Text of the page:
Writing Your Book: Obey Your Impulse – Earl Nightingale
When inspiration strikes, do you write it down immediately? Do you sit and start that story, typing away with an urgency to tell that story while your Muse can still dictate it to you? Here are some tips about why it may be a great idea. From the master storyteller, Earl Nightingale…
Refusing to obey our impulses often keeps us from having a lot of fun and perhaps from doing a lot of things we should be doing.
Have you noticed that from time to time, for no particularly good reason, you will get a sudden impulse—feel a sudden urge? Everything about the idea seems good at the moment; you can’t find a thing wrong with it. But instead of acting on the impulse right then, you wait, you sit back and begin thinking about it critically. Pretty soon you can find a lot of reasons for not doing it, or it just passes, and an opportunity is gone – forever.
These sudden impulses often come straight out of our subconscious minds, giving us valuable direction—direction we should be taking. By vetoing them, we miss all kinds of opportunities. Dr. William Moulton Marston, a consulting psychologist, says that most people stifle enough good impulses during the course of a day to change the current of their lives. These inner ﬂashes light up their minds for an instant and set them all aglow with the stimulation of the thing. But then they lapse back into the old routine, apparently content to bask in the afterglow which the impulse has provided and content to feel that maybe later on they might do something about it. On this very subject William James said,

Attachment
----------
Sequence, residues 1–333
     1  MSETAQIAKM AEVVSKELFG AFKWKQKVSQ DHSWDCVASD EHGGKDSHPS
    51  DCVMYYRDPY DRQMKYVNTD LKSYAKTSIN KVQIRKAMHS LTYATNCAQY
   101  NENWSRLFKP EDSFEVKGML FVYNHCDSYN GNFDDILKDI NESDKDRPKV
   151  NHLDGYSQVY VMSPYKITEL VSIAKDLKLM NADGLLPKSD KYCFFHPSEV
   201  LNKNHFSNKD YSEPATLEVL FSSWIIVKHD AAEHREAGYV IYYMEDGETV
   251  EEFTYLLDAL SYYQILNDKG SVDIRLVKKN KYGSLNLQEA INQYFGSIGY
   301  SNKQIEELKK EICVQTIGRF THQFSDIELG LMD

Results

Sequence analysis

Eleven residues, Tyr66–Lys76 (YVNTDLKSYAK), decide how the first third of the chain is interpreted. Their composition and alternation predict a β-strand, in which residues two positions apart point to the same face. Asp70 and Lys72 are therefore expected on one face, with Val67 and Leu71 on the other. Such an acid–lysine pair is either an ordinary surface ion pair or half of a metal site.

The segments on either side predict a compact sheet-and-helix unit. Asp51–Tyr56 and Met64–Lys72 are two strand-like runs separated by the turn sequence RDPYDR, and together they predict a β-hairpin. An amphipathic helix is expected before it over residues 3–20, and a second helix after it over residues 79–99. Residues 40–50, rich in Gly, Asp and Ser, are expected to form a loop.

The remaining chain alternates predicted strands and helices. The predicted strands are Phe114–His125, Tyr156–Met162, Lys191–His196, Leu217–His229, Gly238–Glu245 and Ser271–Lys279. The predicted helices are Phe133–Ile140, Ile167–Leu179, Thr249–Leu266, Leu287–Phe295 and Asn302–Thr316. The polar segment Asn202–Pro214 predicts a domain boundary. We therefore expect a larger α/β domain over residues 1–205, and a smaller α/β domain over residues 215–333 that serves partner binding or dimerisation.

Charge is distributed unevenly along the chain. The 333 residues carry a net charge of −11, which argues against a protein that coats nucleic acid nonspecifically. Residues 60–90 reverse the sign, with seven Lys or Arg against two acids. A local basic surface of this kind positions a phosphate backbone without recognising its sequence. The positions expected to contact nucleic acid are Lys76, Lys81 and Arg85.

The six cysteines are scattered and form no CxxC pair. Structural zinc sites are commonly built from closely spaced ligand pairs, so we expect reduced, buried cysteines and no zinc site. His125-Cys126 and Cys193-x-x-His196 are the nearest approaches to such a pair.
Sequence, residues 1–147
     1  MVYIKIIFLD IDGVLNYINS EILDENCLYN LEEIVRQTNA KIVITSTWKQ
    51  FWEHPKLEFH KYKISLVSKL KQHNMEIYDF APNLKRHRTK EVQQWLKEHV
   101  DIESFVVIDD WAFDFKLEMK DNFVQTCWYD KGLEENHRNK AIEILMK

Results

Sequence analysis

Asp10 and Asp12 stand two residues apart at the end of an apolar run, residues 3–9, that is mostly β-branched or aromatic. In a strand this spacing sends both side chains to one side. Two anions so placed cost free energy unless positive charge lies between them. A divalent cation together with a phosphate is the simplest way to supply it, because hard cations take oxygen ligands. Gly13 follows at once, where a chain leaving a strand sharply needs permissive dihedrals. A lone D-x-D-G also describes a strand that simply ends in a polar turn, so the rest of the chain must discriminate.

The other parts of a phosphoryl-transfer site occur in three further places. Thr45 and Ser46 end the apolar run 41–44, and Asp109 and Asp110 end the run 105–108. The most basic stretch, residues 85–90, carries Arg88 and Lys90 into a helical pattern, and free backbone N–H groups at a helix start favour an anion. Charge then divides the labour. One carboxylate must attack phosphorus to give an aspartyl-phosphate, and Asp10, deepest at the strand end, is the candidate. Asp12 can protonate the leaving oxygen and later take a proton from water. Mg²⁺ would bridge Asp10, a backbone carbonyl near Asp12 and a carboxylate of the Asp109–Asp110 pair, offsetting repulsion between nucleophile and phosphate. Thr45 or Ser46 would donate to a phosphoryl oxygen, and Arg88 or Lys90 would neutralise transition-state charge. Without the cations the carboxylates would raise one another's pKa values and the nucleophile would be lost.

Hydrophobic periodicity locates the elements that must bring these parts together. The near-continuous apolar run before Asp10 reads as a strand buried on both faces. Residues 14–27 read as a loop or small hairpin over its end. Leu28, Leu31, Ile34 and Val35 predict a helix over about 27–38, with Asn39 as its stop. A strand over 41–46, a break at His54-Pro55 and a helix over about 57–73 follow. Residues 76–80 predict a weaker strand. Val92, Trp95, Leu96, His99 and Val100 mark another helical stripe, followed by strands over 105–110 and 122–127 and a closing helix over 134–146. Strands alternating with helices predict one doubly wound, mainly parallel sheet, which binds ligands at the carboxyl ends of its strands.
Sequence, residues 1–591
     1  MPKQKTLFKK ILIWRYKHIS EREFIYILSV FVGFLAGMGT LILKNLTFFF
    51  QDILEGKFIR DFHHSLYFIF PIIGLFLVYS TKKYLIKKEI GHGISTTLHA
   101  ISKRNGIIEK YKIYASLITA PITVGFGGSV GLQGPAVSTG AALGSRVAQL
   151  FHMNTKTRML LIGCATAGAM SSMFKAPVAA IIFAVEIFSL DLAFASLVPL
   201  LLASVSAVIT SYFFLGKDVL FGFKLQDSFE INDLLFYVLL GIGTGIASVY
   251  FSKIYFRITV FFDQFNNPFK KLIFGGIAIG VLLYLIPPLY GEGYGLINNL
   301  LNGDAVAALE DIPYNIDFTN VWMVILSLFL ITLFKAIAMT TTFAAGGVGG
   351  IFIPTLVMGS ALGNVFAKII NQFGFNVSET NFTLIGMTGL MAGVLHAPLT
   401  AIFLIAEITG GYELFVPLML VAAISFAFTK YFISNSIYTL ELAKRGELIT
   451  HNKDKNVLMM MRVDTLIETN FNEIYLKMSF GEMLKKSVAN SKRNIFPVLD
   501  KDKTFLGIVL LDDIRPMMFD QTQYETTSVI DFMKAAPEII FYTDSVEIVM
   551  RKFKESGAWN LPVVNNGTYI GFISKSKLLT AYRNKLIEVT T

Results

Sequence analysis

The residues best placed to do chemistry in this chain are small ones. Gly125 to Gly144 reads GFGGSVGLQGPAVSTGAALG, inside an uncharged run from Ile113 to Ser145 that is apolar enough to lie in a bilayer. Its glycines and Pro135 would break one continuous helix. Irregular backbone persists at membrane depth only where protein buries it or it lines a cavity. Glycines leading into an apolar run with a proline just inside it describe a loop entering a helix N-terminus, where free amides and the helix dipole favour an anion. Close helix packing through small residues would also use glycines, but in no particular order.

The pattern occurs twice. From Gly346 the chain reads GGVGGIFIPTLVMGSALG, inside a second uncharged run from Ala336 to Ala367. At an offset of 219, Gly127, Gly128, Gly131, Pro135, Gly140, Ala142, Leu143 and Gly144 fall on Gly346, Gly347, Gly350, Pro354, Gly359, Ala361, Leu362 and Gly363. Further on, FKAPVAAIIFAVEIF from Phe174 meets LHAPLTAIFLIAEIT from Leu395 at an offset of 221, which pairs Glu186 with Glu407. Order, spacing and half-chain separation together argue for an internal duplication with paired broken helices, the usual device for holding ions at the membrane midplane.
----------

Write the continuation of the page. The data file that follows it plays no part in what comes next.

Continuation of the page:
“Every time a resolve or ﬁne glow of feeling evaporates without bearing fruit, it is worse than a chance lost; it works to hinder future emotions from taking the normal path of discharge.”
At one point in his career Dr. Marston was employed by a Hollywood motion picture studio where he worked with Walter B. Pitkin. One day they were presented with an ambitious production idea from a young promoter. The plan appealed to both of them, but they reacted differently. While Marston was mulling the thing over, Pitkin picked up a telephone and started dictating a lengthy telegram to a friend in Wall Street. The telegram was almost a yard long when it was I delivered, but it carried conviction. As a result of Pitkin’s spur-of-the-moment impulse, a ten-million-dollar underwriting of a new motion picture was brought about.
Calvin Coolidge remains an enigma to political commentators because the reasons for his actions were seldom apparent and the source of his shrewdness could not be traced. Almost none of our presidents would seem to have been less impulsive than Calvin Coolidge, but the truth is that he literally trained himself to rely on hunches. As a young attorney in a country law ﬁrm, he was interviewing a client one day when he received a telephone call and learned that a county political boss was in town. Without hesitation, he cut short his interview and decided to see this man about proposing himself as a candidate for the legislature. The impulse bore fruit and from then on the inner urges of Calvin Coolidge led him consistently from one political success to another.
A sudden impulse to do something you know you ought not to do should be stiﬂed. But when one of those great hunches pops into your mind, act on it right away or you may miss your opportunity – forever.
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Also published on Medium.